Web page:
How to read a scientific paper


Reading a scientific paper is always a challenge for a reader. Young scientists often have to skim through many articles and face difficulty in identifying a suitable research paper. Journal editors and reviewers have to go through numerous manuscripts to identify relevant research papers. While writing a scientific paper has its own rules and forms, active reading, or reading with an intent to understand, is both a learned skill and a level of effort.

Tips for reading a scientific paper.

The 3 pass approach: According to “How to Read a Paper” by Srinivasan Keshav, a 3 pass approach acts as a filtering mechanism and is the best way to read a scientific paper. The first pass is to get a ‘bird’s eye view’ that skims through the paper’s structure ignoring details like data work. One should read the abstract, title, introduction, and conclusions to get a sense of what the paper tries to convey. This step serves as a first check if the paper is worth reading in general.

The second pass is reading the full research paper without going too much into the details of data work, methodology, and specifics. This helps to identify the structure of the paper, how the argument of hypotheses is build up and posit it in the general discourse on the topic on which the research paper has been written.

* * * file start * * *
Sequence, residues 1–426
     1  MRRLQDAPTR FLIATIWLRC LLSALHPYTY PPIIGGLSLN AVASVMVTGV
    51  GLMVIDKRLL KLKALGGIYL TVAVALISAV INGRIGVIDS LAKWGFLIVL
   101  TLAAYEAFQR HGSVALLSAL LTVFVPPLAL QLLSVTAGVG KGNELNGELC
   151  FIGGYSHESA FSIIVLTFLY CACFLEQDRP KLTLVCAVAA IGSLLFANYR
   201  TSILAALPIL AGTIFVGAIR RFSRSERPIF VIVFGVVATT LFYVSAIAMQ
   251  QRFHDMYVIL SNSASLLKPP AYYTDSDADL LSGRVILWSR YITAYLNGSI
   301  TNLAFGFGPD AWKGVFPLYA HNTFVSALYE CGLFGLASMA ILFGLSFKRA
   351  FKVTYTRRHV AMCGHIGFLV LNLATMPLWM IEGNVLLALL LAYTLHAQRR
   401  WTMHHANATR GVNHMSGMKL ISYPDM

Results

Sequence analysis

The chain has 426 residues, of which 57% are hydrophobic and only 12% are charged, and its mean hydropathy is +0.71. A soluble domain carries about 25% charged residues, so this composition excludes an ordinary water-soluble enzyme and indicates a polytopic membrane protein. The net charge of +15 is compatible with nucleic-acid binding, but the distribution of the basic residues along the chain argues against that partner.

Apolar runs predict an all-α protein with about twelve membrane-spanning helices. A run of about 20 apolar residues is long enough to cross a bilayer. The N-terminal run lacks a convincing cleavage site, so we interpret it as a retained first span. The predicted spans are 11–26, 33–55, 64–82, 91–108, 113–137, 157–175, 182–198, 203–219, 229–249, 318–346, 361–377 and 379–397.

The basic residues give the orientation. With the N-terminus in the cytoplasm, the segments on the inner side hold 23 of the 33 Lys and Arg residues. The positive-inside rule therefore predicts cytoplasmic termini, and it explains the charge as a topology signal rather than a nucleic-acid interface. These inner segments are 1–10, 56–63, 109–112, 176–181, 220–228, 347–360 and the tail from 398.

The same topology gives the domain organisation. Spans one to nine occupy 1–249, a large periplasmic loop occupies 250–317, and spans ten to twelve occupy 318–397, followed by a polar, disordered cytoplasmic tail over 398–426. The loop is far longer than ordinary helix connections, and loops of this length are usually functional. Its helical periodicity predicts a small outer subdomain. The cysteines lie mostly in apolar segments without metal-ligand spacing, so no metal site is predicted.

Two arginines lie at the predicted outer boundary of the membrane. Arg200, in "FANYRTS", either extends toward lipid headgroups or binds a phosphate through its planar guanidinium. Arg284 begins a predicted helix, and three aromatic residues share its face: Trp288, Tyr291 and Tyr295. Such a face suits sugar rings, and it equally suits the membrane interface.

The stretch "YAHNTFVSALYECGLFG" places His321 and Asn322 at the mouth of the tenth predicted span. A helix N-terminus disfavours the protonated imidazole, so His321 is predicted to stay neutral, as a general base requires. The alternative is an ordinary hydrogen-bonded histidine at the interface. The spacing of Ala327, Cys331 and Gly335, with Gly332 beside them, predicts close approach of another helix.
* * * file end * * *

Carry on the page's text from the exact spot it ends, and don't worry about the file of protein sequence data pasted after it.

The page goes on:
The third pass is when a reader critically gets involved with the methodology and data work. This is when one dives deep into the author’s scientific exercise and intellectually engages him/herself with the research.

Understand the author’s message: while going through the 3 pass approach, it is essential to identify the exact message that the author is trying to convey. One has to understand the approach of the author; whether the author is trying to present a review article; report primary findings; additional insights to an ongoing discussion or establishing a new idea or concept. The idea is to identify the big question that the paper tries to respond to and in what capacity.

The 6 key questions: a manuscript is always to be objectively assessed based on 6 key questions: (1)Motivation: What does the author(s) want to know? (2) Approach/Methodology: What exercise did they undertake and how robust is the exercise? (3) Context: Why was the exercise done in a certain way and how relevant is it in the field of study? (4) Data work: What do the results actually show? (5)Interpretation: How did the author(s) interpret the results and how objective they are in drawing their conclusions)? (6) Future Scope of work: Does the paper provide food for thought for what should or can be done next?


While the above-mentioned approach helps decipher a scientific paper, one must remember every author works under certain limitations and any shortcomings in a paper are only a part of their learning curve.

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